FIG. 2 is a drawing showing a system according to the present invention in an OPLL configuration.
1. Technical Field of the Invention
The present invention relates generally to distributed monitoring of strain in a structure through use of embedded or surface mounted optical fibers and specifically to strain monitoring with an optical phase locked loop (OPLL).
2. Discussion of the Related Art
Optical fibers may be attached to a structure for the purpose of monitoring strain. As the structure is strained, embedded fibers or fibers affixed to the surface of the structure will undergo strain as well. As the fibers are strained, the light transmission characteristics are altered in a known manner, allowing one to extract information about the strain in the structure.
Optical fibers may be generally classified as single mode, few mode or multimode fibers. These classes refer to the number of modes propagating through the fibers. The light transmitting cores of single mode fibers are very small, on the order of a few microns in diameter so that only one mode may be transmitted. These fibers are more expensive and more difficult to work with than larger, multimode fibers which usually have cores on the order of 100 microns. Few mode fibers fall between these two categories.
As a fiber is strained, the optical path length of light traveling through the fiber is altered. This produces a phase shift in the light exiting the receiving end of the fiber. It is by detecting the phase shift that strain information is extracted.
One simple example of the use of this is a pair of single mode fibers, one is attached to the test object and one is held as a reference. They are employed in an interferometer configuration and as the test object is strained the test fiber will also be strained. The reference fiber will not be subject to strain and through the use of the interferometer changes in phase may be compared between the two fibers.
One of the drawbacks of this type of monitoring is that the information about strain is necessarily integrated over the length of the detecting fiber. That is, since the phase change depends on the change in optical path length of the entire fiber, the strain information reflects strain in the entire fiber. In a test object having widely varying strain response or in an object in which strain is important at specific points rather than in the object as a whole, integrated measurements are not very useful.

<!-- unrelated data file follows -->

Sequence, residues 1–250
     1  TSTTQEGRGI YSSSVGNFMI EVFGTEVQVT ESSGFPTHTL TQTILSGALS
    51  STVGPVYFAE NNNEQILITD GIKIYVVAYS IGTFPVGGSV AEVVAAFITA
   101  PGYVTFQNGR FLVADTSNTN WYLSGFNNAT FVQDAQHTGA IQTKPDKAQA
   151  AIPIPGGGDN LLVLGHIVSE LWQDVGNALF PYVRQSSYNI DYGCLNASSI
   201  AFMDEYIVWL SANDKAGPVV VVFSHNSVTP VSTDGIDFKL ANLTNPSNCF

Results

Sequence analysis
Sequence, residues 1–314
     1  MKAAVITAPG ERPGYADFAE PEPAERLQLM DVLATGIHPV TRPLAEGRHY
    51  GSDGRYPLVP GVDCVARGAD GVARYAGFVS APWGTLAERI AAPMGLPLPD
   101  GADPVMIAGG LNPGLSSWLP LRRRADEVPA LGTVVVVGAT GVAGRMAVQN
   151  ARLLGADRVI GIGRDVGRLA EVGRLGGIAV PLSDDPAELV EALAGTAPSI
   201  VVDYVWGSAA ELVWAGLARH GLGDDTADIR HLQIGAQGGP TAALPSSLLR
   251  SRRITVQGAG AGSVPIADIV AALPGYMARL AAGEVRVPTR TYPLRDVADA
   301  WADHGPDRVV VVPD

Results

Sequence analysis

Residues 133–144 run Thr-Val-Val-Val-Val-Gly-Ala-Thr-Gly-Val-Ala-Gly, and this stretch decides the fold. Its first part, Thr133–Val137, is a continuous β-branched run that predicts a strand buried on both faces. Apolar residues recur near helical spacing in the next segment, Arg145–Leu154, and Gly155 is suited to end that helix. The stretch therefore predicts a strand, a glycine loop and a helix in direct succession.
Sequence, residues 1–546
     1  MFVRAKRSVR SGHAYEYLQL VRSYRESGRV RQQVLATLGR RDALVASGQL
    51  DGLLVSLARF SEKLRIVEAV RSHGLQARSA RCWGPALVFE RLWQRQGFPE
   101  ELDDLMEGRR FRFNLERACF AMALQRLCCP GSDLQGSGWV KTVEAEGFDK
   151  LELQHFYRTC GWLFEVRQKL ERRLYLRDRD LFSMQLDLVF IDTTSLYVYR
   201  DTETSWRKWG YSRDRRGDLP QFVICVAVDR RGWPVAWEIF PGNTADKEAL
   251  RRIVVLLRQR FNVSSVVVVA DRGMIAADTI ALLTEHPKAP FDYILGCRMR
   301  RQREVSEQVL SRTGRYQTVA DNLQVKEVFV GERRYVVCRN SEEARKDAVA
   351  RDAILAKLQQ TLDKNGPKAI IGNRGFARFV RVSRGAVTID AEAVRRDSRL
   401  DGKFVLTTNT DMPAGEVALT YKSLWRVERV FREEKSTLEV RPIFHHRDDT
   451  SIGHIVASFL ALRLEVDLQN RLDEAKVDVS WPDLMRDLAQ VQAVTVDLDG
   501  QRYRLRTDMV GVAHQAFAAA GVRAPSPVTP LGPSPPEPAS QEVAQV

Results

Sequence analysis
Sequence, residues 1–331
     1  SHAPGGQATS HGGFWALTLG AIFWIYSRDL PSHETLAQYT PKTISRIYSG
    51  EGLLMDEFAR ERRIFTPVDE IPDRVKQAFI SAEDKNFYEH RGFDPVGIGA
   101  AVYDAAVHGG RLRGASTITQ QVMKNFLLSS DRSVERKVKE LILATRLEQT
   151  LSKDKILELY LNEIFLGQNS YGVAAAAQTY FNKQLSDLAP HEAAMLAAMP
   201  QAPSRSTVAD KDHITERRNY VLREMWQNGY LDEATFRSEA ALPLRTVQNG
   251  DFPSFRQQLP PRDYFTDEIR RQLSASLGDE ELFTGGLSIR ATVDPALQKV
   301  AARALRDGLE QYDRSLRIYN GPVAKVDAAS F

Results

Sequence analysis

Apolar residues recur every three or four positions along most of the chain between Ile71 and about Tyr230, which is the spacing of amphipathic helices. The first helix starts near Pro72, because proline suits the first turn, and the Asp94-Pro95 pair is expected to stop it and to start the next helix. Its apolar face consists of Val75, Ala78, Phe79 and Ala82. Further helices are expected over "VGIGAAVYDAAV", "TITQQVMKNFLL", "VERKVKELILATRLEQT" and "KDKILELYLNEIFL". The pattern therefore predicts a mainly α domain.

Egalon, et. al. (U.S. Pat. No. 5,343,035, hereafter the '035 patent) disclose an optical fiber strain sensor for use in making measurements over a small region. The invention according to the '035 patent makes use of a strain insensitive optical lead fiber to carry a light signal to a strain sensitive optical fiber disposed in the region of interest of the test object. Thus the sensor is sensitive to strain only in the region occupied by the strain sensitive fiber and integrated information from the lead fiber is ignored. The invention according to the '035 patent requires that the sensing fiber be a two-mode optical fiber.
Lagakos, et. al. (U.S. Pat. No. 4,979,798) make use of lead optical fibers that are insensitive to strain in the region being monitored. This is achieved through the leads not being within the test region. This is not always a viable option when, for example, the test region lies within a larger region of a test structure which is itself undergoing strain.
Kleinerman (U.S. Pat. No. 5,363,463) makes use of optical time domain reflectometry (OTDR) to determine temperature measurements in selected areas of a test object. This method employs a fluorescent dye that will react in a temperature dependant manner in the presence of an interrogating light signal. The light given off by the fluorescent dye may then be monitored and its intensity and time of arrival give both a temperature reading and an indication of the location at which that temperature was measured. A drawback of OTDR methods is the expense of the electronic processing elements that are necessary.
Kleinerman additionally discusses monitoring of microbends within a fiber. In the case of microbend information it is often practical to monitor backscattered light. Again, through the use of OTDR it is possible to find the locations of multiple microbends as revealed by discontinuities in the backscatter intensity versus a known distance decay curve.
It is an object of the present invention to provide an optical fiber arrangement that may be used to sense strain and vibration at specific locations within a test object.
It is an additional object of the present invention to use multimode optical fibers to achieve the above object.
It is a further object of the present invention to achieve the forgoing objects without the use of OTDR methods which require expensive electronic elements.
To achieve the forgoing objects, strain insensitive optical fiber is used to carry a light signal to a strain sensitive optical fiber. Information from the strain sensitive fiber travels through strain insensitive fiber to a detector. Since the leads are chosen to be strain insensitive, strain in the region of interest is the only contribution to the signal. The signal from the sensor is monitored in an optical phase locked loop (OPLL). The use of the OPLL allows for use of multimode fibers instead of the single or few mode fibers used in other optical fiber monitoring devices.
The invention described herein was jointly made by an employee of the United States Government and a contract employee during the performance of work under NASA Contract No. NAS-1-19236. In accordance with 35 U.S.C. 202, the contractor elected not to retain title.